Protests follow ouster of Muslim and Wiccan from Wisconsin clergy group

WAUPUN, Wis. (AP) — The first Wiccan to serve as a prison chaplain in Wisconsin and a Muslim chaplain were both ousted from the Waupun Clergy Association, which now allows only Christians as members.

Muslim Imam Ronald Beyah said last week's action included him so it wouldn't appear the group was targeting the person who caused concern, Jamyi Witch, the Wiccan chaplain.

Some state legislators and others criticized her appointment last December, but the warden at Dodge Correctional Institution said the law prevented religious discrimination.

Members of the association in this community 55 miles northwest of Milwaukee said it was founded for Christian ministers, but ambiguous bylaws meant Beyah was included two years ago, followed by Witch last December.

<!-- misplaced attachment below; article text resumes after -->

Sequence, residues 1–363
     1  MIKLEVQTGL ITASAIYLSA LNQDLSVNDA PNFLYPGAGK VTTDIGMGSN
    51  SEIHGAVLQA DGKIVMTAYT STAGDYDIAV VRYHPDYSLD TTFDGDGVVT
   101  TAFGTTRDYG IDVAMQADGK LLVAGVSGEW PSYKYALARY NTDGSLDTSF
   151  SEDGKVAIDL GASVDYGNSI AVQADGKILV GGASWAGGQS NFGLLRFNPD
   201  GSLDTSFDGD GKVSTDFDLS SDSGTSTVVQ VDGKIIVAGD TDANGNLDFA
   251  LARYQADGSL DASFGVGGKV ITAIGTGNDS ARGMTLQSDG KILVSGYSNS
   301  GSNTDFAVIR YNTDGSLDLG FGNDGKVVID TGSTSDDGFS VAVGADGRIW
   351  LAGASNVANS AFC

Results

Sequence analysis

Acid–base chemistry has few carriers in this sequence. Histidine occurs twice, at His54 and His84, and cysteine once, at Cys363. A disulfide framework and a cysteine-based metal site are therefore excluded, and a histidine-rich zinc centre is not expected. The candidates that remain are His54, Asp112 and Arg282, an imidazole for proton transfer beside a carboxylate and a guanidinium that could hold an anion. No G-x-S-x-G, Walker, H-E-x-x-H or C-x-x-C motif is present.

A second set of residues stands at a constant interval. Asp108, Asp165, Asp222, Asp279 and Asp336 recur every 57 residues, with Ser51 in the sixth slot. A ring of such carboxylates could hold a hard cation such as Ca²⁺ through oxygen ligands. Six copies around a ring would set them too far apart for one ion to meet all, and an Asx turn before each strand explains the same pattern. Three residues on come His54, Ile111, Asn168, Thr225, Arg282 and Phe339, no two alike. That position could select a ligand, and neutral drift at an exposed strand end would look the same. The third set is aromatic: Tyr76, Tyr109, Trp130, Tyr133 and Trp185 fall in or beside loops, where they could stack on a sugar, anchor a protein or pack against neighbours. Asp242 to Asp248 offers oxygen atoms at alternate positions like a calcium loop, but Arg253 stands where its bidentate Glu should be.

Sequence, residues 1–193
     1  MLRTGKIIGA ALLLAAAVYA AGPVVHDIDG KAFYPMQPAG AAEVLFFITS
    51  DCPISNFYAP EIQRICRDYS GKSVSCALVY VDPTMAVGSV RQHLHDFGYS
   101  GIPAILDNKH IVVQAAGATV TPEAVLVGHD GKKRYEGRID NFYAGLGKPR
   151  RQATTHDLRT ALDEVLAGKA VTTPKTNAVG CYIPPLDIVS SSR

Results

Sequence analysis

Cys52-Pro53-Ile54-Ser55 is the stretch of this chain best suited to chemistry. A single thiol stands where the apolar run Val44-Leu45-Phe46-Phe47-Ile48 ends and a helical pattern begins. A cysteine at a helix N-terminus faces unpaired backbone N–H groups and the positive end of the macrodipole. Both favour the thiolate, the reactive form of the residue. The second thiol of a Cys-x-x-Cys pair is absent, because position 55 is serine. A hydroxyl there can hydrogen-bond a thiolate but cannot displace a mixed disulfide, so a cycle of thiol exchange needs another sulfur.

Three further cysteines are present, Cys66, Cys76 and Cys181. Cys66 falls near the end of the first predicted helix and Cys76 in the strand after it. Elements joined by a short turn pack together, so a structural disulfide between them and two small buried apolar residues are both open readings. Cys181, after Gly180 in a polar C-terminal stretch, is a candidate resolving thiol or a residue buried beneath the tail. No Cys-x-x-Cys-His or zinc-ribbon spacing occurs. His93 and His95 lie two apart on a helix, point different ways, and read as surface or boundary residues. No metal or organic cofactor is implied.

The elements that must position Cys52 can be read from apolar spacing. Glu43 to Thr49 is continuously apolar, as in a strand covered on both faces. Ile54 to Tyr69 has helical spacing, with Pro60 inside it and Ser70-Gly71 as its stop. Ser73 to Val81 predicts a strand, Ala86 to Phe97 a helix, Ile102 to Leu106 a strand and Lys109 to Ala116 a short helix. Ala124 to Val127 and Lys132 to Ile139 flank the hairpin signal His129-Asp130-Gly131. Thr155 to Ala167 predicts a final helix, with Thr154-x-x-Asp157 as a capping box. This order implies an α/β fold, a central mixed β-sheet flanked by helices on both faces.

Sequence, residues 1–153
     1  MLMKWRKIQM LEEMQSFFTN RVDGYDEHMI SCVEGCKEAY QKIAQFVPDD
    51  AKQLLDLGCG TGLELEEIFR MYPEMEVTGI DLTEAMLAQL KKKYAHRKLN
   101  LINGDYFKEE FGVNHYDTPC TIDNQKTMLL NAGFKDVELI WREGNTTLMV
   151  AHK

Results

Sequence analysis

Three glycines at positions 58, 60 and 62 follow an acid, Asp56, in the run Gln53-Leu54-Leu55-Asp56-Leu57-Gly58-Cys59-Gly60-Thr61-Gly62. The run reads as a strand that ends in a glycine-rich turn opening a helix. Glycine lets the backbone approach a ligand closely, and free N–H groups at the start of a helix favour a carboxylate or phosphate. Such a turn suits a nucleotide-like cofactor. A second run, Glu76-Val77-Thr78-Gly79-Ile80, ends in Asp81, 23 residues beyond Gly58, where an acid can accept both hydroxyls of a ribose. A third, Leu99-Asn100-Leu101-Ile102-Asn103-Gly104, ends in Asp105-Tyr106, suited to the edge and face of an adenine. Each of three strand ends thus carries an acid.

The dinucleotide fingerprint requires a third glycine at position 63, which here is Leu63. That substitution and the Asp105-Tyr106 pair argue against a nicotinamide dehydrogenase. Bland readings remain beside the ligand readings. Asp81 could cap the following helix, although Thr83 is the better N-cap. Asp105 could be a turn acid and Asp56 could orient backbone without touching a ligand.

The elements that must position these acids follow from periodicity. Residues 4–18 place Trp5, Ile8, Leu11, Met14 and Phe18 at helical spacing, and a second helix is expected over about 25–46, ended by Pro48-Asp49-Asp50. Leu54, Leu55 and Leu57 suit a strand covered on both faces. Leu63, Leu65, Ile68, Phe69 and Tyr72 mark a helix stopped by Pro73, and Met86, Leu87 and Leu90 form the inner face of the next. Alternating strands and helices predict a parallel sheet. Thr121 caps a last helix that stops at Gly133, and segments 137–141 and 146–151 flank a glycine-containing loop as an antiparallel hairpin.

Lutheran pastor Kenneth Spence, who proposed the new policy, said he had nothing against Witch and Beyah "as persons, but it's a matter of principle."

Beyah said he respects Witch as a professional and equal even though Islam strongly opposes pagan views. "She's an excellent chaplain," he said. "Her religious faith or tradition has nothing to do with her as a chaplain."

Wiccans celebrate nature and worship various gods and goddesses. Followers are sometimes called witches, though many prefer the term Wiccan.